17 June 2014

Stage work in progress – Cinderella

Once upon a time a group of British ex-pats got together and decided that it was a pity that their children were missing out on one of the great British traditions of the festive season – PANTOMIME. Out of this discussion came the decision to put on a performance and so the Secret Panto Society was born. The name was decided upon, not with any intention to keep people out or become some sort of creed but with a genuine desire to surprise and delight that first audience. This first performance took place in 1984 with a production of Snow White and the Seven Dwarves.

At the moment I am in the early stages of working on musical ideas for the 2015 production of Cinderella. Our version will be based in Italy and much as I would love to go into all the details – that would really be giving away the plot. You’ll just have to come and see.


At this early stage my first consideration is to look at the emotional flow of the pantomime. It is important that the audience is taken on an emotional journey during the performance, where they feel uplifted, sad, happy, excited, anxious, etc. These emotions must be carefully controlled not only through the script of the pantomime but also by the use of music and and background ‘atmospherics’. Atmospherics (my name) are the background sounds ranging from low bass drones, to birdsong, to machine hums. Some of these may be subliminal but all of them will add to the production.

Emotion curve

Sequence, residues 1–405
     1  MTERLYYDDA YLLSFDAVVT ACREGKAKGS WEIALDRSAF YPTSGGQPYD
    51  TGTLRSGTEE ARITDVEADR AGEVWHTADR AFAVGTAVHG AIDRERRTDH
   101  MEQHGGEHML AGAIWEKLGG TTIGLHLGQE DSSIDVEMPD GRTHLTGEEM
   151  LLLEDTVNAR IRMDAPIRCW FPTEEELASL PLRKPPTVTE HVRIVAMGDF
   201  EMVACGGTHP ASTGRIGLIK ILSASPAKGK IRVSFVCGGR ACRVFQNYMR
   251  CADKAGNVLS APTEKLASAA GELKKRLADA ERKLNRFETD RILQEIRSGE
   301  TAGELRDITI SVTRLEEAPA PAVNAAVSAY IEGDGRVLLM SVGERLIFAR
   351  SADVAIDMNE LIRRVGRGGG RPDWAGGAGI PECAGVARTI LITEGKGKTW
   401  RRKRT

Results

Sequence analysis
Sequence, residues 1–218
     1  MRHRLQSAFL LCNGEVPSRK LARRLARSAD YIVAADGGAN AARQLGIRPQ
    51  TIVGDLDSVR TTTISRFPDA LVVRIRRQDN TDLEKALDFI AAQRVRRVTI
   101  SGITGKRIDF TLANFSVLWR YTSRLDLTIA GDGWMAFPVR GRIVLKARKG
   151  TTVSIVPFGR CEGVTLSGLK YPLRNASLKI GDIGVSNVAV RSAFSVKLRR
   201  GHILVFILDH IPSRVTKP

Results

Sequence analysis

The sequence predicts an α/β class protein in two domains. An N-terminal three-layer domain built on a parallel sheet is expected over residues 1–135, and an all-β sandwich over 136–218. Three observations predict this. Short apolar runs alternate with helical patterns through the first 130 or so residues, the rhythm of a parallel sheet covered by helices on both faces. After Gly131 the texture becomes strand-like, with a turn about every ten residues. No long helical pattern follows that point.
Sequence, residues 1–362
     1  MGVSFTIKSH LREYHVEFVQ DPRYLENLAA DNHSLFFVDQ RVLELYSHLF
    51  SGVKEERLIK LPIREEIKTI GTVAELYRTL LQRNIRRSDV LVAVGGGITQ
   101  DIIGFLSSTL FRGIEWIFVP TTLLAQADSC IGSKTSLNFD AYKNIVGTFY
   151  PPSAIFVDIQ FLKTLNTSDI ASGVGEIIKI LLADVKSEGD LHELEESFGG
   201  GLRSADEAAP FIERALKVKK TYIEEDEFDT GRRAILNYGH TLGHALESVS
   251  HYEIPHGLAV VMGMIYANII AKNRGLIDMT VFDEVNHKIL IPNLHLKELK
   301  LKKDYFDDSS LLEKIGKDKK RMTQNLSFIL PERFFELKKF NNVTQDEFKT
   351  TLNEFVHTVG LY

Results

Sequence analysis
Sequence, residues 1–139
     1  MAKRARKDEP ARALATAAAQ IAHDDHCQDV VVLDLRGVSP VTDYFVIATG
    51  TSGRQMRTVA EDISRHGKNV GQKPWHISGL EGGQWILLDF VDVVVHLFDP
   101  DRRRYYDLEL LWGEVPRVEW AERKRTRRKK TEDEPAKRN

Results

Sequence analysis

To begin this work I read through the script and draw an emotion curve to show the emotional flow over time.

My favourite emotion curve is based on classical geometry and the Golden Ratio. You find this relationship all around in nature and in classical Greek architecture. Johann Sebastian Bach frequently employed the Golden Ratio and the Fibonacci series in his compositions. In very simplistic terms, it means that the major climaxes of his music often mark the 61.8% of the length of a composition and that unique events (such as modulations, cadences, extended harmonies, new voice entrances, or register changes) fall on the divisions of the Fibonacci (who was appropriately Italian) series.

The songs, dances and atmospherics are then chosen to fit this curve, whilst also remaining appropriate for the audience and performers. In the case of this production, as it is based in Italy, all musical choices will attempt to have Italian elements – think Gondolas, canals, carnivals, masks and all things sparkly, glitzy and twinkly.

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Thanks for your interest !